With a sudden thud you get slammed into the seat , the noise is awesome as the engines are going full tilt, but ramp comes down very quick. Soon we are moving and, out the little window, I just see action every where, people in all different coloured shirts moving quickly around, but then I heard that noise that everyone one knows …..the scream of a fast jet with after burners on. I’m sure everyone was thinking ‘what is going on out there?’ but soon it was very clear as the rear doors opened and we were looking at the rear of a Super Hornet about to launch only metres away from our aircraft.

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To have an opening scene like this was straight out of a movie. With so much movement going on around us, people running and aircraft launching, it was difficult to absorb and there was no time to stop and try and take it in. No sooner had I taken the photo above and we where whisked off the aircraft across the deck and down some stairs. I don’t think I was the only one left feeling like “what just happened?”.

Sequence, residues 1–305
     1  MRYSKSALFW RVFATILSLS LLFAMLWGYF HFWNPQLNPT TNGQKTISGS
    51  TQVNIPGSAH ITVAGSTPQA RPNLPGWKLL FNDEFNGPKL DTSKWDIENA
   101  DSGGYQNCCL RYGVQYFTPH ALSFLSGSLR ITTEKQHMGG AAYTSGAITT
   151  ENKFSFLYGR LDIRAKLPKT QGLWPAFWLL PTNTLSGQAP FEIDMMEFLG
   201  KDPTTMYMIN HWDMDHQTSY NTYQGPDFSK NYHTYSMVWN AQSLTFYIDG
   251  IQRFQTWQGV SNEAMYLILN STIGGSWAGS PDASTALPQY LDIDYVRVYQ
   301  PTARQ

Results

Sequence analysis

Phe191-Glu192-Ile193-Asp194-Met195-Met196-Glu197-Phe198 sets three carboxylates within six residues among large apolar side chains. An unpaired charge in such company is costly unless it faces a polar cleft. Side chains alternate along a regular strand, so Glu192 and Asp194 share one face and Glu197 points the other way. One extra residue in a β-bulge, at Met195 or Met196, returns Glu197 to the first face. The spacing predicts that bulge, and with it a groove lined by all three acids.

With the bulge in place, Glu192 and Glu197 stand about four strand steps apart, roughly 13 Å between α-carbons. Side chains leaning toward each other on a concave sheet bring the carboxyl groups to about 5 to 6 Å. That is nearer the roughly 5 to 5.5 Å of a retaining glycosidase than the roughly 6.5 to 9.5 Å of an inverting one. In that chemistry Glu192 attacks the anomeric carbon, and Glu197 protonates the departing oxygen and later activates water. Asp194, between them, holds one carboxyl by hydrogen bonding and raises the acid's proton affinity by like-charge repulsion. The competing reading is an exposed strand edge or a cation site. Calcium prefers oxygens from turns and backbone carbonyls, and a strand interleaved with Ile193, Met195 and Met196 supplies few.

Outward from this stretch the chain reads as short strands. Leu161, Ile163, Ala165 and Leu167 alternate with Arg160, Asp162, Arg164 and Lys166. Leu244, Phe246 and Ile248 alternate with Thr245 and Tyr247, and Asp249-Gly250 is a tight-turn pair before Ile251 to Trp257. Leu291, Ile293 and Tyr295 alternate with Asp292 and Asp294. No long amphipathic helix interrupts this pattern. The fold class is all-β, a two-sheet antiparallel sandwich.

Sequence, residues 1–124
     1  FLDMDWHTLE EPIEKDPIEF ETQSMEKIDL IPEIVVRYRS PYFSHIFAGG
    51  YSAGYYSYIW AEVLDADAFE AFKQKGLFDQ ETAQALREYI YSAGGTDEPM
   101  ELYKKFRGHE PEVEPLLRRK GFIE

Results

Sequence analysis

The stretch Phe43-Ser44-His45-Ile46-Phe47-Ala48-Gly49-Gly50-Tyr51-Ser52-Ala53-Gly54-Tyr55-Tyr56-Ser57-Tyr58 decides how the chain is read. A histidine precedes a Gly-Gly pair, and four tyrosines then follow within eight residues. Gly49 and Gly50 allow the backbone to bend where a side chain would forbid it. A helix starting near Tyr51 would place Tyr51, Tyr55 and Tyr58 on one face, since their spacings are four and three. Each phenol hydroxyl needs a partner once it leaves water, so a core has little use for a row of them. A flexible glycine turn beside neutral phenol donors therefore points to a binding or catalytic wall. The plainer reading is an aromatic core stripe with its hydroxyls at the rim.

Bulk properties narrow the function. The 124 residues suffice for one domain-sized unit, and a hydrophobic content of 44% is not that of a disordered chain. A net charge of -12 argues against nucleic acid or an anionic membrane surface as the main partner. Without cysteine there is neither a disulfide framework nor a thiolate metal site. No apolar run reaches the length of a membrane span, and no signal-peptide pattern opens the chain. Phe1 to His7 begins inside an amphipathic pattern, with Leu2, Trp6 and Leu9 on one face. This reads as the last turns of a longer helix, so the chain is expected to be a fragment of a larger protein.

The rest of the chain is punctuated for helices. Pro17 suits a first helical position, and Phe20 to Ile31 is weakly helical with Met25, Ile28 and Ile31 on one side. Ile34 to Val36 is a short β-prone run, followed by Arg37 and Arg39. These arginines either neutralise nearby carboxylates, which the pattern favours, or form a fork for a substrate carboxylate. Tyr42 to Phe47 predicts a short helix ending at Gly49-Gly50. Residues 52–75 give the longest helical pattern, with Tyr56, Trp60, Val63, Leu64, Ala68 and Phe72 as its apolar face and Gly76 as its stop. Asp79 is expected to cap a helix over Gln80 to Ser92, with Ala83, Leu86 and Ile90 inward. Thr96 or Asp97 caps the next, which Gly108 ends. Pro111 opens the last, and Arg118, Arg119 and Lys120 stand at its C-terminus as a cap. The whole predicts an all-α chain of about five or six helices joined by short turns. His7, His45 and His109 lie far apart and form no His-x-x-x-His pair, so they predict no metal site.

Walking through tight walkways we were taken to get briefed in the media room about what was in store for us this day. Again, before we knew it, we are told to head back up stairs as this is the only chance to get any take-off pics and there is only one jet left!!!!! It really is a maze but we all made it to see our only launch on Cat 1. Since we were viewing the aircraft from behind and high, as soon as the Super Hornet put the afterburners on the heat haze killed any photos but boom the jet was gone, just like that .

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From there we had a small break to get a meal from the Mess, which I have to say had a pretty good selection of food to choose from. I have walked hundreds of miles in the bush and never have a problem with orientation but I found as we were moving through the ship I really never knew where I was at any time, as we went up and down what seemed like 1000 stairs, it was a very different kind of jungle.